Stay tuned, as we’ll be documenting the process once again from beginning to end. We can’t wait to share the journey of this house with you!

Renovation Resources: Our Favorite Places to Shop

Shopping for a renovation project can be fun, but it can get overwhelming fast. You may have to buy faucets, light fixtures, cabinets, doorknobs, tile, paint, and a whole host of other things—and you want them all to be just right, right? Unfortunately, you’re not likely to find everything you need at a big box store. You’ll have to do some digging.

Our advice: Take it slow, if you can. Focus on one need at a time, rather than trying to pick out everything at once. Say you’re trying to decide on a light fixture for your foyer? Settle onto the couch and pull up Pinterest. Browse for a bit, saving your favorite images. Once you notice a trend that consistently appeals to you, head over to a few favorite sites and start shopping. Keep those tabs open, compare prices, and then pull the trigger. Then move on to your next need!

After our first renovation project, we uncovered some favorite resources for attractive and budget-friendly items. Here are our favorites. What are yours?

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Light Fixtures — We’re firm believers that a good light fixture can transform a room, and for that reason they’re worth investing in. Our favorite sites for vintage-inspired fixtures are Schoolhouse Electric and Barn Light Electric. That said, you can often find much more affordable versions of these lights at Wayfair, which is by far the resource we use the most. Even Lowes and Home Depot have really stepped up their lighting game lately, so don’t overlook them.

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Tile — We are obsessed with Floor and Decor. It’s a massive store with tons of tile at reasonable prices. They even offer free classes on tile and floor installation on the weekends. Browsing the tile in-person is the best, but they also have everything available online. If you like cement tile, Overstock has a pretty good selection.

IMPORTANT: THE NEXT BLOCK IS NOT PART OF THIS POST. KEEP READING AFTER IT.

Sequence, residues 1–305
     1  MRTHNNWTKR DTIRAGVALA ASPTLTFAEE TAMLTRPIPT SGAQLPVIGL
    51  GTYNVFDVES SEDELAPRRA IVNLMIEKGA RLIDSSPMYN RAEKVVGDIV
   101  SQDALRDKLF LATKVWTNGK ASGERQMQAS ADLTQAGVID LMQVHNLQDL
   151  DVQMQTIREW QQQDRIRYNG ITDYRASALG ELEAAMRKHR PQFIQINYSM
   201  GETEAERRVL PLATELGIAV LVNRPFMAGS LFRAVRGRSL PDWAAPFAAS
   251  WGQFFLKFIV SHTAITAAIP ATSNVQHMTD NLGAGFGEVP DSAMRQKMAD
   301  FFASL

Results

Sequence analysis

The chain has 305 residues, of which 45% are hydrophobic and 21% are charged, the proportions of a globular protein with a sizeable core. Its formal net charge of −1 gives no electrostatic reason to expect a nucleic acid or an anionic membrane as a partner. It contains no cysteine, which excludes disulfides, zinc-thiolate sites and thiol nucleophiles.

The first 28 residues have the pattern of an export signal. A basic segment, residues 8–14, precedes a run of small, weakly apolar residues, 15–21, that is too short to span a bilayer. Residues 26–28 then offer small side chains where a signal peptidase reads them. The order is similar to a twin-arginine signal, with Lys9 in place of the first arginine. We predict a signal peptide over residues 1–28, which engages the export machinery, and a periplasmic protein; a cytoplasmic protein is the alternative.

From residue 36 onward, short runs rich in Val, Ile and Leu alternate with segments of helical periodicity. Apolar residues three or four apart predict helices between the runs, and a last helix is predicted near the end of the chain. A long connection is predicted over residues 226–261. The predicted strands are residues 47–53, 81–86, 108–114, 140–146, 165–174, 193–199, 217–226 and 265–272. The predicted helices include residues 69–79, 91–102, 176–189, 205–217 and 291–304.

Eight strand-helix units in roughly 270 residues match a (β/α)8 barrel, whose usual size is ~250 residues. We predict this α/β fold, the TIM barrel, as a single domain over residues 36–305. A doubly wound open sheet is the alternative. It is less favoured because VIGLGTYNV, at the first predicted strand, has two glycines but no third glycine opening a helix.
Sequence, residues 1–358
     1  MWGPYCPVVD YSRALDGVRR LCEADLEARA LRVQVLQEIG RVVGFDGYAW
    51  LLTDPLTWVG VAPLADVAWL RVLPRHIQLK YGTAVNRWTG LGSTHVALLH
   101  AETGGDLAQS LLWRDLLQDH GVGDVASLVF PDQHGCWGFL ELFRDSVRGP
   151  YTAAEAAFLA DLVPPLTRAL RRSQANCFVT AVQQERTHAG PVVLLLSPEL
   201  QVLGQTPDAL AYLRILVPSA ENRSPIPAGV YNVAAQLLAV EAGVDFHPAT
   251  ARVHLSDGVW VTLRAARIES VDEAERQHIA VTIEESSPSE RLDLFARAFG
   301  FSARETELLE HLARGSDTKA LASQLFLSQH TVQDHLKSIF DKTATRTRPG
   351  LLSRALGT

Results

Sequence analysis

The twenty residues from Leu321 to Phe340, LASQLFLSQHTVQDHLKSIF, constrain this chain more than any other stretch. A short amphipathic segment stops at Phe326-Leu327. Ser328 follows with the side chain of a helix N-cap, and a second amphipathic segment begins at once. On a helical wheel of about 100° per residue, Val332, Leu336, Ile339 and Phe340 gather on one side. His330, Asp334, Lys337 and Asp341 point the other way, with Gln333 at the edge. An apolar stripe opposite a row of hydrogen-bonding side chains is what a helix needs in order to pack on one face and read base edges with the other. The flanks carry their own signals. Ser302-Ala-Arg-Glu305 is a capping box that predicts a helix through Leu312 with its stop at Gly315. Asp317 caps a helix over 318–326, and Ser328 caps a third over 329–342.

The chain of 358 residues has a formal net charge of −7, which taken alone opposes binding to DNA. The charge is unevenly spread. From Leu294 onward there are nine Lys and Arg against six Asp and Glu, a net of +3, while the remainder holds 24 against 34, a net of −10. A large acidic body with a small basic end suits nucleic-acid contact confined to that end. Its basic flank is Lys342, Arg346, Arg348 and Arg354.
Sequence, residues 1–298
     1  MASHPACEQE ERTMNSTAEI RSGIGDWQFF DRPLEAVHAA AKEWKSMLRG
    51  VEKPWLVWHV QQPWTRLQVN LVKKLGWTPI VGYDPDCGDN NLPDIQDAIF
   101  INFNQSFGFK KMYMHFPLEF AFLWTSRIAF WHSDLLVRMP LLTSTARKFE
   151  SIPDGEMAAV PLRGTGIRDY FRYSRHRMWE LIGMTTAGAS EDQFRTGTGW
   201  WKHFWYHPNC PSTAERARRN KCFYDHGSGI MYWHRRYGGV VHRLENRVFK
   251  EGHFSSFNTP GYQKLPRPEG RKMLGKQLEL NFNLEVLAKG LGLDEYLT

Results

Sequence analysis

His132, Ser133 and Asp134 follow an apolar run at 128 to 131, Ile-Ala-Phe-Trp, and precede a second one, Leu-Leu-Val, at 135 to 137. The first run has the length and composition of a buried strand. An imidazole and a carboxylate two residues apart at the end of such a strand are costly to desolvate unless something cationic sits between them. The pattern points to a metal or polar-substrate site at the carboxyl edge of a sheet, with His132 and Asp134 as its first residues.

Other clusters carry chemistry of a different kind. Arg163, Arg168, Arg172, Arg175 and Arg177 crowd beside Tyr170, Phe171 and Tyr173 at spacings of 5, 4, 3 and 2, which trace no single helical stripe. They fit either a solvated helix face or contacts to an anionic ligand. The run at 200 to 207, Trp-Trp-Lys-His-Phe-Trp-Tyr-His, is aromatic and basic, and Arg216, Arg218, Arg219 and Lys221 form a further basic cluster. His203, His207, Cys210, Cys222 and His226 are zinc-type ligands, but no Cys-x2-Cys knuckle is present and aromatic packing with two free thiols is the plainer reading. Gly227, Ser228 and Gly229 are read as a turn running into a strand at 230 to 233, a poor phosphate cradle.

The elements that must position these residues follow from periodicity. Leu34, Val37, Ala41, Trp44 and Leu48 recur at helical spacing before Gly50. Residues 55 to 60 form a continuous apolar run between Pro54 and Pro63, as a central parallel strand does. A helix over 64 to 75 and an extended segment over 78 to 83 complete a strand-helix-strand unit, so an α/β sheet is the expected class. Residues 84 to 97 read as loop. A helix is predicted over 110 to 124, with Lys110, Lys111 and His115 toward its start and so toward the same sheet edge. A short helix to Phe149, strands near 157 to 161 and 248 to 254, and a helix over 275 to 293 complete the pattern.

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Sinks — If you like farmhouse sinks, Ikea has one of the more affordable ones we’ve run across. The Scandi superstore has some great sink cabinets as well, though many of them do scream “Ikea.” (Try swapping out the hardware for a more custom look.) Wayfair also has some good sinks, and even Amazon has a nice selection — it’s worth it to search for anything you find on Amazon to make sure you can’t get a better price. We had to buy an extra-small pedestal sink for one of the bathrooms in our last renovation, and we found it at Signature Hardware.

Faucets — For bathrooms and kitchens, we’ve found good faucets all over—Lowes, Ikea, Amazon, Wayfair. If you need something special (like we needed for the clawfoot tub in our renovation house), try House of Antique Hardware. Amazon tends to have the cheapest selection—just be sure to read the reviews to make sure you’re not getting a piece of crap.

Bathroom Fixtures — Towel racks, toilet paper holders, etc.—I usually order the Moen brand from Amazon. Classic, and cheaper than anywhere else.

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Cabinets — Ikea all day!

Appliances — We haven’t found any one store that has better prices than any other—it just depends on what kind of sales they’re offering at any given time. We do try to shop around big sales (like Memorial Day or Presidents Day), and just get the store to hold the appliances if we’re not quite ready for install. If you shop at the store a lot, it’s also a good time to open a credit card—you can often get a nice percentage off your purchase, or get 0% APR for a year, if you’d like to wait to pay it off. In the past, we’ve bought appliances at Lowes and Best Buy.

Door Hardware — We usually go with basic bronze doorknobs for both interiors and exteriors, and Amazon has the best prices. House of Antique Hardware has some really cool stuff if you’re going for a vintage vibe.

Mirrors — We like to think outside the box when it comes to bathroom mirrors—i.e. don’t limit yourself to vanity mirrors or medicine cabinets. Target has a nice affordable selection—like this beautiful round brass mirror that would be perfect for a powder room.

Doors — We have some good local resources for salvage doors (Paul’s Place and Caravatti’s), but need help finding more modern options. Any leads?

 

 

 

How Much We Made On Our First Flip